Top US regulator calls for 'transparency' from tech giants

September 4, 2018
FCC Chairman Ajit Pai said he hopes the recent scrutiny of US technology firms will lead to more transparency

The head of a key US regulatory agency called Tuesday for Silicon Valley firms to provide more transparency about how they operate, raising the possibility of tougher regulations for technology firms.

"We need to seriously think about whether the time has come for these companies to abide by new obligations," Federal Communications Commission chairman Ajit Pai said in a blog post a day ahead of congressional hearings with executives from Twitter and Facebook.

Pai offered no specific proposals, but appeared to echo concerns raised by President Donald Trump, who claimed may be biased against conservatives.

"Consumers interact with these on a daily basis. We get our news from them. We interact with our family and friends on them," Pai wrote.

"But how do these companies make decisions about what we see and what we don't? And who makes those decisions? We still don't know."

The FCC chief repeated complaints made in recent months over the blocking or removal of content by conservative politicians and activists.

Tech firms have contended their algorithms are not designed with political aims, and analysts have pointed out that many conservatives, including Trump himself, have a considerable online following.

Pai said the FCC imposes "strict transparency requirements" on companies that operate broadband networks,  but that the public has "virtually no insight" into tech firms' business practices.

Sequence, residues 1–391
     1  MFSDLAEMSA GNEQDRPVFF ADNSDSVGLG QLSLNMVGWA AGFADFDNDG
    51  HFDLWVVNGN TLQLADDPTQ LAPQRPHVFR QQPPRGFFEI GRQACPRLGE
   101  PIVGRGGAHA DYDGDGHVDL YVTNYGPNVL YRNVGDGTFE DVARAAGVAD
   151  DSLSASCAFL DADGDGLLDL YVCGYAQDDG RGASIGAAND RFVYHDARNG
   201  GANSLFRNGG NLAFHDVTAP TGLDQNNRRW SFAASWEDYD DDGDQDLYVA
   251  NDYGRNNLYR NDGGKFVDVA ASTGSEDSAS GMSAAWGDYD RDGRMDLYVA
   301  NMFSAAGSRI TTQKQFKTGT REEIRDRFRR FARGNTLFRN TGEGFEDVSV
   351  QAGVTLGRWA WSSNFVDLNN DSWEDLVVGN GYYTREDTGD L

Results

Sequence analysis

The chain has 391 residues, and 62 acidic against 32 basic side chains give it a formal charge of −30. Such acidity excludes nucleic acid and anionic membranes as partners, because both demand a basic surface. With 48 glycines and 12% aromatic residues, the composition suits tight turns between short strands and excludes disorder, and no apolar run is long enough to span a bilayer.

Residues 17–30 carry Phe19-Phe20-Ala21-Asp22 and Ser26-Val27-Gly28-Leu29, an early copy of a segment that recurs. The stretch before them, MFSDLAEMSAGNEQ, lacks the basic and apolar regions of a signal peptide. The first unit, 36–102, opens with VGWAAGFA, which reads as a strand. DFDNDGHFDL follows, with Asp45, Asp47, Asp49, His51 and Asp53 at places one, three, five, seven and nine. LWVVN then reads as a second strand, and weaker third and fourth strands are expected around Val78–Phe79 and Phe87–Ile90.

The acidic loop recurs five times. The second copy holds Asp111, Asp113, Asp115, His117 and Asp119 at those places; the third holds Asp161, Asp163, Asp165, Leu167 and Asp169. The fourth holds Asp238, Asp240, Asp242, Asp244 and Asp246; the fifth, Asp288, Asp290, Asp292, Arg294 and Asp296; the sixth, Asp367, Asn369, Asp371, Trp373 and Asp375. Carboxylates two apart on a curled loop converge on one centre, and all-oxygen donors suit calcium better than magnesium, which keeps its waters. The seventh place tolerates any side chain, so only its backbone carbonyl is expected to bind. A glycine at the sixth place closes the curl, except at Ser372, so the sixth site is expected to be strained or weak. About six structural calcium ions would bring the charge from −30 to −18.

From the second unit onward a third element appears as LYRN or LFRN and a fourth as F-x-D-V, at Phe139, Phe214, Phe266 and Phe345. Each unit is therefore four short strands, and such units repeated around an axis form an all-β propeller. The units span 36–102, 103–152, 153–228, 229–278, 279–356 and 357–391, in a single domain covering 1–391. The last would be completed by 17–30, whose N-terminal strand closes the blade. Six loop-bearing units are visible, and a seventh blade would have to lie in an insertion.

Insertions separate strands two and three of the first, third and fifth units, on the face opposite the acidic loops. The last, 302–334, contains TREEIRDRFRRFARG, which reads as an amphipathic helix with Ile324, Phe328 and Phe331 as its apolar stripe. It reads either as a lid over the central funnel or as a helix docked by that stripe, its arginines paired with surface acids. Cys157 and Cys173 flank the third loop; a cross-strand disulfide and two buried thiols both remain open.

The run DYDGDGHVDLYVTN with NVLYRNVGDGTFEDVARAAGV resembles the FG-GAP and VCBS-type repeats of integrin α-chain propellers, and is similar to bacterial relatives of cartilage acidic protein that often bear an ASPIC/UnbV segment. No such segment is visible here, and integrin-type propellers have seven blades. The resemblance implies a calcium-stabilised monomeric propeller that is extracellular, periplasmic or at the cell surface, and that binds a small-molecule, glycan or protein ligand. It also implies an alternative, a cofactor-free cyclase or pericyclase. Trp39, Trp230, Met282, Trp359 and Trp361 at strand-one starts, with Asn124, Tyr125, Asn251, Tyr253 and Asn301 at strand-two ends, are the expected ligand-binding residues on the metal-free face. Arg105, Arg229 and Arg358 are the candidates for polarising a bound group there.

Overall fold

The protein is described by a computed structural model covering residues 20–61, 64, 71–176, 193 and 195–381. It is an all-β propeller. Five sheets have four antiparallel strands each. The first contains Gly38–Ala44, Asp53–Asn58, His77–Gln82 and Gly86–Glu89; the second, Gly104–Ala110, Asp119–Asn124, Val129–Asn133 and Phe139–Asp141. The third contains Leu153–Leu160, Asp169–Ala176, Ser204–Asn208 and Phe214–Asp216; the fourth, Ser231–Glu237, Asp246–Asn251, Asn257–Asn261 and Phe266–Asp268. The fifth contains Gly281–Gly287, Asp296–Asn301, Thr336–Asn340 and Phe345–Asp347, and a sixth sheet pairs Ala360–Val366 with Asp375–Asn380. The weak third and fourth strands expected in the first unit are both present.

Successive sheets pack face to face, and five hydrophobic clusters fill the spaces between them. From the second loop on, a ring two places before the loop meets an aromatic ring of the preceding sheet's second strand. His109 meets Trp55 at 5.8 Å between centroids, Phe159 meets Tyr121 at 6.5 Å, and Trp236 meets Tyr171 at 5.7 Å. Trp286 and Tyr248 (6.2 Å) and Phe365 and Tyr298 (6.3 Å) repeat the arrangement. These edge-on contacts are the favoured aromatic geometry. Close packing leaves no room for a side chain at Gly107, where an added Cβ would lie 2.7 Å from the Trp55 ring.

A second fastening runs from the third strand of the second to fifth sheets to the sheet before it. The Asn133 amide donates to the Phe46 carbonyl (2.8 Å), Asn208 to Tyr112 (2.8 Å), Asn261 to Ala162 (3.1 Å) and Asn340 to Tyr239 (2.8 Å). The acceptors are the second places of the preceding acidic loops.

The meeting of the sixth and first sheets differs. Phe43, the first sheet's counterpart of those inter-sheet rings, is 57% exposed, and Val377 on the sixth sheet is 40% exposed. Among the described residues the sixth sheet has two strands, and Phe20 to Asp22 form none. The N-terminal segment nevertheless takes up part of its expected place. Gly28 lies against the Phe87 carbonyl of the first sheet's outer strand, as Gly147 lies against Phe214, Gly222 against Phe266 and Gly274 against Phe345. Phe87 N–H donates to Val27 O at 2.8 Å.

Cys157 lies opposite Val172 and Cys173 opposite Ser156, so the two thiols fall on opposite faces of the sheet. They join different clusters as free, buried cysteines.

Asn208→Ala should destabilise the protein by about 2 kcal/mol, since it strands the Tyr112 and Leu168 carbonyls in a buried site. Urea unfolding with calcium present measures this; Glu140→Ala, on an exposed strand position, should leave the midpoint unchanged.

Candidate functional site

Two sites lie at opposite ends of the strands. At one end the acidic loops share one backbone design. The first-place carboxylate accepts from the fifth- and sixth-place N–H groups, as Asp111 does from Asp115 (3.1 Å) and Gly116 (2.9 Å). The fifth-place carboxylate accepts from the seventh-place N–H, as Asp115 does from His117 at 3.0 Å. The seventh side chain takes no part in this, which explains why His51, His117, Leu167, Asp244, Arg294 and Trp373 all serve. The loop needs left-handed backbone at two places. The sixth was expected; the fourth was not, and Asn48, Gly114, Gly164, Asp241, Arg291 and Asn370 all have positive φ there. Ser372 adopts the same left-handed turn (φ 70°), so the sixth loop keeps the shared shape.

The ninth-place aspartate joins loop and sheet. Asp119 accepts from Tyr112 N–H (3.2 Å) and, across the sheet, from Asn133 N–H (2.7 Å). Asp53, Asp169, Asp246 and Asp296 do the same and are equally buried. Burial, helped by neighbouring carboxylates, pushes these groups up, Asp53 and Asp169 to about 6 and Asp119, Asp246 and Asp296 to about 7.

"Are these tech giants running impartial digital platforms over which they don't exercise editorial judgment when it comes to content?" he asked.

"Or do they in fact decide what speech is allowed and what is not and discriminate based on ideology and/or political affiliation? And again, going back to the first point: where is the transparency?"

The government  " shouldn't regulate these entities like a water ," Pai said, while maintaining that "it's important to have a serious conversation about these issues... because these tech giants have come to have much greater influence over our economy and society."

Twitter chief executive Jack Dorsey and Facebook chief operating officer Sheryl Sandberg were set to appear at a Senate Intelligence Committee hearing on Wednesday of foreign influence operations on social media.

Lawmakers were seeking a top executive from Google or its parent Alphabet, but it remained unclear if the search giant would be represented.

Dorsey is due to testify at a House Energy and Commerce Committee hearing on online "transparency and accountability."

Explore further: After Trump bashing, tech firms gird for congressional grilling

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2.3 / 5 (3) Sep 04, 2018
Just shoot the fool in the head. Pai is a walking talking piece of crap stuffed corruption.
5 / 5 (3) Sep 05, 2018
Just shoot the fool in the head. Pai is a walking talking piece of crap stuffed corruption.

A condemnation without offering a justification is just a large bit of fluff and is grossly disingenuous. Explain yourself.

Transparency and accountability is good business, as long as the transparency is not overdone where a rogue nation could access technical information that could be stolen and exploited.
not rated yet Sep 05, 2018

A condemnation without offering a justification is just a large bit of fluff and is grossly disingenuous.

He is referring to the end of Net-Neutrality in the USA, which i.e. the EU protects as "one of the fundamental laws of information freedom", a demise promoted by Ajit Pai. Government agencies are very bad at regulating information technology. they just make security risks. Ajit is not an internet scientist, he is a power hungry political mongrel on a lobby-leash.

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